CLINTON (WATE/AP) - An Air National Guard pilot from Clinton was killed in the weekend crash of a tanker helping fight a wildfire in South Dakota.
The family of Lt. Col. Paul Mikeal, 42, identified him as a victim on Monday. They live in Mooresville, N.C.
The C-130 Hercules from the North Carolina 15th Air Wing based in Charlotte, was carrying a crew of six when it crashed Sunday evening. It was helping battle the White Draw Fire near Edgemont, in southwest South Dakota.
His family said Mikeal died doing what he loved.
"When you know your brother loves it and wants to do this and feels very passionate about serving his country, then there's a peace to it," said Tina Adkins, Mikeal's sister who lives in West Knoxville.
They spoke with Mikeal Saturday before he was deployed to Colorado and then South Dakota.
"When they got the call, they were ready and excited. This is what he does. This is what he loves to do," Adkins said.
Before he left, Mikeal knew his crew would be fighting the fire in difficult conditions.
"He knew he was going into dangerous terrain and he knew they had to be extremely careful on this mission," Adkins said. She added that her brother and his unit just underwent training this spring.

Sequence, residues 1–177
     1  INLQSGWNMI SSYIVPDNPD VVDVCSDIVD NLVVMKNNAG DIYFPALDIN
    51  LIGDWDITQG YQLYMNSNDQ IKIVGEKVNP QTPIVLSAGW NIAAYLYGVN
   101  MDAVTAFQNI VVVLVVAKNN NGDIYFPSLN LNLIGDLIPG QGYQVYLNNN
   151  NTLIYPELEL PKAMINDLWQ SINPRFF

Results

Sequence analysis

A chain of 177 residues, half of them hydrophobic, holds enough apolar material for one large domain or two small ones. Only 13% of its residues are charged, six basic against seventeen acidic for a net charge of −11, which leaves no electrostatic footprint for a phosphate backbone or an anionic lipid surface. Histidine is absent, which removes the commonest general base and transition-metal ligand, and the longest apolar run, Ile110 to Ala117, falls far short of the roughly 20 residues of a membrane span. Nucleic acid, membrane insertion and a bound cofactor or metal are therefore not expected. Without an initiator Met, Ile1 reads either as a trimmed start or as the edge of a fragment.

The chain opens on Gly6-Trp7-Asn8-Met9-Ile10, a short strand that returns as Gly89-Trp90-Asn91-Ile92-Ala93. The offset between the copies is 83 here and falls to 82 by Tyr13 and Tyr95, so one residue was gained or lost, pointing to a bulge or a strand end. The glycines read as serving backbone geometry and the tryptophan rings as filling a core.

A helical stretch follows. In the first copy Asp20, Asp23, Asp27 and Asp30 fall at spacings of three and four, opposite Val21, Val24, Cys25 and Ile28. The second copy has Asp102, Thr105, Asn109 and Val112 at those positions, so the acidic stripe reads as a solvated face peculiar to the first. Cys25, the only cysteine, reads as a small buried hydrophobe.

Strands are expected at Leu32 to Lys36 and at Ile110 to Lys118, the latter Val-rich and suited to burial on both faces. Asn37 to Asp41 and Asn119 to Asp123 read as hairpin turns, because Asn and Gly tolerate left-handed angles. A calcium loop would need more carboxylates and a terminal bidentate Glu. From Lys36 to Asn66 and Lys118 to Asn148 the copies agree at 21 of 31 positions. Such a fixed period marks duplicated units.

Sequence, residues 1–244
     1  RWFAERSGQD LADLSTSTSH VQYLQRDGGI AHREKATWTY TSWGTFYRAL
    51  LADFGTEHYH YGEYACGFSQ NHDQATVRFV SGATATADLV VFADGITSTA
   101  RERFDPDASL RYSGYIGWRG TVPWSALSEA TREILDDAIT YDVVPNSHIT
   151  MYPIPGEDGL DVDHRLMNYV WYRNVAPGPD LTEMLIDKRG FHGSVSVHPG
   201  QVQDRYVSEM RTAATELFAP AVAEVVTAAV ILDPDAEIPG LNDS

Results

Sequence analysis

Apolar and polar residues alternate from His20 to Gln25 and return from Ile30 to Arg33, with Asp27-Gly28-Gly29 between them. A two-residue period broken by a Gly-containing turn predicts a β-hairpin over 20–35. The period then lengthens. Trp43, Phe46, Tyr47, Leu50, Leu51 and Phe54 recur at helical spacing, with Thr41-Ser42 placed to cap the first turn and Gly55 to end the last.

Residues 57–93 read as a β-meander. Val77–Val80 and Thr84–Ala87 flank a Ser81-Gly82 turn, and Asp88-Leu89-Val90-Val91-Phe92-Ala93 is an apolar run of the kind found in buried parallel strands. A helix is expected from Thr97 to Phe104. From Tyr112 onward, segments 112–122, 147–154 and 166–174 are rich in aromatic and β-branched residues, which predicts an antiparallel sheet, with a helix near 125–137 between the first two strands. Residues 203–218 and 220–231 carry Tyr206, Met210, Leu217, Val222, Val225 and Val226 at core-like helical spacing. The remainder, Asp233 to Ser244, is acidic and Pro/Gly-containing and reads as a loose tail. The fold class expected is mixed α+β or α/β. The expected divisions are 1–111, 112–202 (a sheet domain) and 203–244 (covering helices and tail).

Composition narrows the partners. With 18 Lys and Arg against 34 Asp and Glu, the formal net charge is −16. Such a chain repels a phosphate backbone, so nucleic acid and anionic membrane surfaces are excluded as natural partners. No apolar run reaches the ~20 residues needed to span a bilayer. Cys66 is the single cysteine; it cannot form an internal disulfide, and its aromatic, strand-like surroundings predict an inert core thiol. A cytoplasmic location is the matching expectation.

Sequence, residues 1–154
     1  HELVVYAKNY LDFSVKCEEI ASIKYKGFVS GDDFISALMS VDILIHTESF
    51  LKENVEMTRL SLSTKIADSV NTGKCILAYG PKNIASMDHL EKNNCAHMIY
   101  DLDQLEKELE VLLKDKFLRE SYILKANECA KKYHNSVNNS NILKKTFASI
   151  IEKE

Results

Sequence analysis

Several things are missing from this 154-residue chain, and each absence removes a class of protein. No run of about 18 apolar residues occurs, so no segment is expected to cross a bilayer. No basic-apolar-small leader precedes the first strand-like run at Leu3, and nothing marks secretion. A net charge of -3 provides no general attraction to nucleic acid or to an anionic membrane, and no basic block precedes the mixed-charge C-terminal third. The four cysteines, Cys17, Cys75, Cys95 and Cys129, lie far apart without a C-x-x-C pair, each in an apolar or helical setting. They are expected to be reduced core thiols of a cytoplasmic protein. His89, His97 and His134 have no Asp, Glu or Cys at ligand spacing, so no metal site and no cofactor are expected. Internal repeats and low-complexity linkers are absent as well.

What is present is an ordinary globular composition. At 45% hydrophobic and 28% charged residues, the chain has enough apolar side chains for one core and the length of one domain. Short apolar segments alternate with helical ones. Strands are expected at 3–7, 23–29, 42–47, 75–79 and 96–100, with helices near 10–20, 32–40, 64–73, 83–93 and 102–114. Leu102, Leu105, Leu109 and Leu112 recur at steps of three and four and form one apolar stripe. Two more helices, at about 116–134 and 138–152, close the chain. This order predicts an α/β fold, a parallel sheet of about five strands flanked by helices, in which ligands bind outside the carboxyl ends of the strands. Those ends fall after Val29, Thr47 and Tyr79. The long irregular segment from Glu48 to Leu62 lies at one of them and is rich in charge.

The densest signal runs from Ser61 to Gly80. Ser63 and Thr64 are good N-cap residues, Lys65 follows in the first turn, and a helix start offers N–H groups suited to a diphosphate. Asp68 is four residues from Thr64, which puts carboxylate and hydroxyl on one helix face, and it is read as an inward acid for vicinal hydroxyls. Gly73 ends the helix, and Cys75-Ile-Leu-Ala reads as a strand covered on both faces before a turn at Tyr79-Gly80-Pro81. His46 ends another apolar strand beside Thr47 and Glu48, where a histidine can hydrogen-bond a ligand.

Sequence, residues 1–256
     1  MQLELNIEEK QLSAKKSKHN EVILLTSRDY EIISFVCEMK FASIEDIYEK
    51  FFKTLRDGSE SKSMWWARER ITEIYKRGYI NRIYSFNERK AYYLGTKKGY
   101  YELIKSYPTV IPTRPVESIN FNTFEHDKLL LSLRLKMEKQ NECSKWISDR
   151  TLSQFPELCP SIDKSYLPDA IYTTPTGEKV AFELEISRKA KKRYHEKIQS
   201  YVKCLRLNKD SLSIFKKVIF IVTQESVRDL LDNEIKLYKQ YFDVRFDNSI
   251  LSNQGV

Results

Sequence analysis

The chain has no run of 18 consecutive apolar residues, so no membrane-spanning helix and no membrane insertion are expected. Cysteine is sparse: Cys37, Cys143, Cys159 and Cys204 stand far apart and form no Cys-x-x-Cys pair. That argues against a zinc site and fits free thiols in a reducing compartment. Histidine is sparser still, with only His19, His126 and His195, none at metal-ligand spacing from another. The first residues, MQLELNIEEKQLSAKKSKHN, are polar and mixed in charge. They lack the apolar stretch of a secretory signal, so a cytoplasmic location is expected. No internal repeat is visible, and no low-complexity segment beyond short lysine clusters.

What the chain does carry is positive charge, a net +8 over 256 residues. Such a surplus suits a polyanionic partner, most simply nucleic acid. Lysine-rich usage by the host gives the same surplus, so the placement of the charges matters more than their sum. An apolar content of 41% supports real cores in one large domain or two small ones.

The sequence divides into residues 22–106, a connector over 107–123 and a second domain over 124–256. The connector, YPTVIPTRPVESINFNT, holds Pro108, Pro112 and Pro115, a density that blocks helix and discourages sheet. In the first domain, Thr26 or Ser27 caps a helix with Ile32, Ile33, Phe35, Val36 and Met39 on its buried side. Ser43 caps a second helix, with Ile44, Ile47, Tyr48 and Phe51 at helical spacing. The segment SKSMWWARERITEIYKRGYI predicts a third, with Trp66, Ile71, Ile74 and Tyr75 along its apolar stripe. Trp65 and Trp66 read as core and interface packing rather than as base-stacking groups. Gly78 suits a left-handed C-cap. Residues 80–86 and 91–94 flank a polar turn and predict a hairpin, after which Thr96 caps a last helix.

Lt. Col. Mikeal entered the Air Force after college as a commissioned officer in 1991. He has served multiple deployments to Iraq and Afghanistan. His sisters said he always lived life to the fullest.
"He was very passionate about his work and his family, and you saw that in everything he did," Adkins said.
Lt. Col. Mikeal and his wife, Marlo, were preparing to celebrate their 20th wedding anniversary next week. They have two children, a 12-year-old son and a 15-year-old daughter.
"He was loved by everyone. He was one of those guys. Everyone loved him," said his youngest sister, Angela Yonce.
Lt. Col. Mikeal graduated from Clinton High School in 1987. He lived in Charlotte and went to UNC Charlotte.
His sisters say it's surreal that this happened so close to the Fourth of July. Their brother is being hailed as a hero, doing what he loved up until his very last breath.
"Every pilot knows that there's fear that this could happen, but he loved it," said Yonce. "President Obama called him a hero, and we've known that since we were little."
According to military officials, three other crew members aboard the tanker plane died as well, Maj. Joseph McCormick, Maj. Ryan David, and Senior Master Sgt. Robert Cannon. They all were from North Carolina. Two other crew members were injured.
The crash prompted the military to temporarily ground the seven remaining Air Force tankers used in firefighting, but Tuesday those tankers resumed battling the fires.
Sunday's night crash is still under investigation.